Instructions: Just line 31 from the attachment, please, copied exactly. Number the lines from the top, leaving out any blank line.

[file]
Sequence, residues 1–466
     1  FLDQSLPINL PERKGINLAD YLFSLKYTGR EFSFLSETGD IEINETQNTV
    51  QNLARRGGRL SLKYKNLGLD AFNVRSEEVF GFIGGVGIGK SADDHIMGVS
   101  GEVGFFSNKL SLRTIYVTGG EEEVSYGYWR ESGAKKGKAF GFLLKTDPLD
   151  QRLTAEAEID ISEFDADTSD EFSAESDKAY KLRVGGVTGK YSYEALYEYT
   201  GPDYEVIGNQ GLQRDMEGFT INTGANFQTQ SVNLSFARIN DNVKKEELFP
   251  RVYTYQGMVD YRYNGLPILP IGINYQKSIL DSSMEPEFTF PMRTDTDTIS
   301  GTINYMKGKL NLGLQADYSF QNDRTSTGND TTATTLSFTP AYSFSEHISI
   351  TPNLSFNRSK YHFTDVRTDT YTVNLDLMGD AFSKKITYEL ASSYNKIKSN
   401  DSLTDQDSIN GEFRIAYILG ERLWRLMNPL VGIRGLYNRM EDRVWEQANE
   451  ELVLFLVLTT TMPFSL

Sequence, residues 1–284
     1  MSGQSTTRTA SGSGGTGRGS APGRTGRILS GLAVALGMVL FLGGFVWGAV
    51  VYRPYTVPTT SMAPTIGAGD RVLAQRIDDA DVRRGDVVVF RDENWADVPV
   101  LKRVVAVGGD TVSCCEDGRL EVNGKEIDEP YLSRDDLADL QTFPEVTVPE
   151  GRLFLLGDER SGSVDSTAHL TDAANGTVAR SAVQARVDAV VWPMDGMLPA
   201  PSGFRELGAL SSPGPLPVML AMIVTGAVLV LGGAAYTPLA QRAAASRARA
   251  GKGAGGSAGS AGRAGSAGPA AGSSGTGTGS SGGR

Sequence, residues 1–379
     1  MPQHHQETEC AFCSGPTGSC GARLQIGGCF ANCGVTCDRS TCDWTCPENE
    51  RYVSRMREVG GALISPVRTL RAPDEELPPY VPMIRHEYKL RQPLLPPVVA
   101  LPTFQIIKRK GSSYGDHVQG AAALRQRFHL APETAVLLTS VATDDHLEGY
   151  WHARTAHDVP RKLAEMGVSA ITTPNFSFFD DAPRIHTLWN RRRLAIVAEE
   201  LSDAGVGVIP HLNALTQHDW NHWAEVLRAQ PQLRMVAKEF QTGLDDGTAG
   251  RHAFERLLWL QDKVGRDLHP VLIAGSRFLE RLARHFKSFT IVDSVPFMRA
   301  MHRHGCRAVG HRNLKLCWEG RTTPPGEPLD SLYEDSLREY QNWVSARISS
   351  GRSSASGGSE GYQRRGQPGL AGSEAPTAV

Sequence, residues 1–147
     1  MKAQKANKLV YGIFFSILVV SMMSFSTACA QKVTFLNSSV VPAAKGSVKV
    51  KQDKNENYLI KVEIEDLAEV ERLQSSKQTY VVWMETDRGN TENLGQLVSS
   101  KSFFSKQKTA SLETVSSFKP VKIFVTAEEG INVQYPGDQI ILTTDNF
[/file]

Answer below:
   101  KSFFSKQKTA SLETVSSFKP VKIFVTAEEG INVQYPGDQI ILTTDNF